That sounds fine, but there are many qualifications that need to be checked whilst putting together the costume. How busty is her top? A little skin is okay, vampires aren’t prudes, but she can’t be showing too much, otherwise she’d just be “asking for it.” Pants or skirt? Pants would be perfectly acceptable, not too showy, appropriate. What about a skirt? How short is it? If she’s wearing tights, what kind are they? Fishnets might suggest promiscuity, while solid black tights might serve to create a harmless, schoolgirl look.
The planning behind a woman’s costume involves a great deal of outside factors, due to the social pressures that are a given on Halloween night.
Obviously if a woman is wearing a risqué outfit, she’s setting a bad example for children, distracting the men around her and disgusting any parent in sight, right?
Truthfully, she might get some looks from nosy passersby, but no one is actively thinking about how someone’s costume choice is affecting their night. If a man can show as much skin as he wants, then so can a woman. A woman’s body is not naturally sexualized. It takes a conscious effort to really look at someone’s costume and think, “Yeah, that’s definitely inappropriate. My night is ruined now because of it.”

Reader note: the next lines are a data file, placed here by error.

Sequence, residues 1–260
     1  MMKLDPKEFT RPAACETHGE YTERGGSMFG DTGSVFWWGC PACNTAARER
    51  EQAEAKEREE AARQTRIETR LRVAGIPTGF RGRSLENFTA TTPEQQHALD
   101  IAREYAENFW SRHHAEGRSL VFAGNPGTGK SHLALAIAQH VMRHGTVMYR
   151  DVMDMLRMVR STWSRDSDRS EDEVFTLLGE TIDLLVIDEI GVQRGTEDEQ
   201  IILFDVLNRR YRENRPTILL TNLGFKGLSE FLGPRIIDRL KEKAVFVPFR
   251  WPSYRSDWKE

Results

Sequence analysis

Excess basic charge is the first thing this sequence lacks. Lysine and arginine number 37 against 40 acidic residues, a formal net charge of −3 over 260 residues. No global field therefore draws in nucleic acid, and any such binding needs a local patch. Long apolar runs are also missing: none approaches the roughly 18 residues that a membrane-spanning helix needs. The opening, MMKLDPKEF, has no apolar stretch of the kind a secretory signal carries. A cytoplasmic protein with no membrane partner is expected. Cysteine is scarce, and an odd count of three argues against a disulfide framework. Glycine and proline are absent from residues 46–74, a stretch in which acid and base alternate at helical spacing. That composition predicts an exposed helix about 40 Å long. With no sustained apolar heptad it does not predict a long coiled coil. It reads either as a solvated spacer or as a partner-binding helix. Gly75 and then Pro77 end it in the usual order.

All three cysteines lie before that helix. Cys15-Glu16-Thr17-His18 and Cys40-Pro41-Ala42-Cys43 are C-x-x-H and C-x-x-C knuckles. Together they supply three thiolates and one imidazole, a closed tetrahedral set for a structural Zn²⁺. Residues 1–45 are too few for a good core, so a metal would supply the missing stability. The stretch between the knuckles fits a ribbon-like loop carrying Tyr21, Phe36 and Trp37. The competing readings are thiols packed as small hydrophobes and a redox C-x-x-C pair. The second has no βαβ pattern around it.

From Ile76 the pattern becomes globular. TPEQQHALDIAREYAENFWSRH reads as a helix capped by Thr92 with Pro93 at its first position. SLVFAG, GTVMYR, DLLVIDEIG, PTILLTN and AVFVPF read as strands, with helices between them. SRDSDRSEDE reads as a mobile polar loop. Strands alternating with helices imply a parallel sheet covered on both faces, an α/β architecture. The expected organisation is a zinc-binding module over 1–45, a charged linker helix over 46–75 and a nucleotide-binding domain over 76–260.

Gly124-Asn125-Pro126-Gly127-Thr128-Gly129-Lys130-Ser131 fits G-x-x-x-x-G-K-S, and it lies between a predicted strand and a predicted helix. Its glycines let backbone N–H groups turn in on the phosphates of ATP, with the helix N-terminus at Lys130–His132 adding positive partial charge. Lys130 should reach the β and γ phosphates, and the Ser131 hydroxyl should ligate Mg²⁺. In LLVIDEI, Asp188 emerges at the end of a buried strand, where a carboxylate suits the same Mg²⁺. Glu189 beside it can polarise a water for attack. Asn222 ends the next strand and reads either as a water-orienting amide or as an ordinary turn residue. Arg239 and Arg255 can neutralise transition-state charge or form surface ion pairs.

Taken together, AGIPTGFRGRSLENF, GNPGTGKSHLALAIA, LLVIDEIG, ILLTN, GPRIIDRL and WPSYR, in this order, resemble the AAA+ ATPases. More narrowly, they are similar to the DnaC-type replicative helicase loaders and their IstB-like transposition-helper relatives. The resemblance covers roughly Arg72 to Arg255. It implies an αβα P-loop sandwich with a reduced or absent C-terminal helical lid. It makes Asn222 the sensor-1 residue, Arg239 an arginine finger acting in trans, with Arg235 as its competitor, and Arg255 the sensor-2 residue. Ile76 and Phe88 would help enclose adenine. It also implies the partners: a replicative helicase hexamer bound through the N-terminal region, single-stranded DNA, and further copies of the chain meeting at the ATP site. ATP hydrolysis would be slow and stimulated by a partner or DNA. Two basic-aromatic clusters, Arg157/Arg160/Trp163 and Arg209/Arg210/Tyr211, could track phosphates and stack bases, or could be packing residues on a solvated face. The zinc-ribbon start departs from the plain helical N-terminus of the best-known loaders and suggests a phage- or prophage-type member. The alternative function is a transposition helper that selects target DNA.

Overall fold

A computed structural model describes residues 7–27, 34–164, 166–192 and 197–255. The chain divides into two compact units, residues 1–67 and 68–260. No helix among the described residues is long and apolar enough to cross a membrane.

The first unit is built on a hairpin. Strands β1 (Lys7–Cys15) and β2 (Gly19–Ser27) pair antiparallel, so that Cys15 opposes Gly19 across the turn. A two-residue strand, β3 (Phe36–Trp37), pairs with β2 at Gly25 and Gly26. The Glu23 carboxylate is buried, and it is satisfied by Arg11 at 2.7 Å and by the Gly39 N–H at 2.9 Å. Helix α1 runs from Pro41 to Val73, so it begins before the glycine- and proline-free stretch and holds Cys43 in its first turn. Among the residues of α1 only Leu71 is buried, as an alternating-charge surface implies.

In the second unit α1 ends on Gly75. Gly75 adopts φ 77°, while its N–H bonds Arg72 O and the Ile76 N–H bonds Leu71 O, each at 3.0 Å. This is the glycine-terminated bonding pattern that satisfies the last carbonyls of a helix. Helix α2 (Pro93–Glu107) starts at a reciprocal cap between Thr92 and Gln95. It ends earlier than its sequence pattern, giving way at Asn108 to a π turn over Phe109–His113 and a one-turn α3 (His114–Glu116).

Although people should not be concerned with how much skin a woman is showing in her costume, there is a concern that is largely overlooked a lot of the time.
Cultural appropriation is still an ongoing problem with Halloween costumes. Want to wear dreads? Blackface? Feathers on your head to look Native American? Go right ahead and do it, just know that wearing a costume version of someone else’s culture is not celebrating them, it is tokenizing them.
“Dressing up” as a Black person, Asian person, Latinx person, or any general ethnicity other than your own is dehumanizing anyone who comes from that culture.
Using a culture as a costume shows zero regard for the value that people hold to their own culture, and also implies that the person wearing the costume feels that they are superior enough to treat other human beings as characters.
If you have to defend the appropriateness of your costume to someone who genuinely feels hurt by it, maybe you should have a different costume. It’s as simple as that.
When venturing out on Halloween this year, please be mindful of your drinking, of your treatment towards others and of your overall attitude.
A costume isn’t an invitation for unwanted advances. A mask isn’t an excuse for anonymous misconduct. Alcohol is a tricky variable in the discussion surrounding consent. How do we learn our limits without first pushing them? If you see someone struggling to stand on Tuesday night, make an effort to get them somewhere safe.
We all look forward to Oct. 31 as a night of excitement in the midst of mind-crushing midterms. Let loose, but know that regardless of the day of the year, we should be respectful of one another.
Halloween is supposed to be fun, but can be easily ruined by lack of judgement, or too much of it.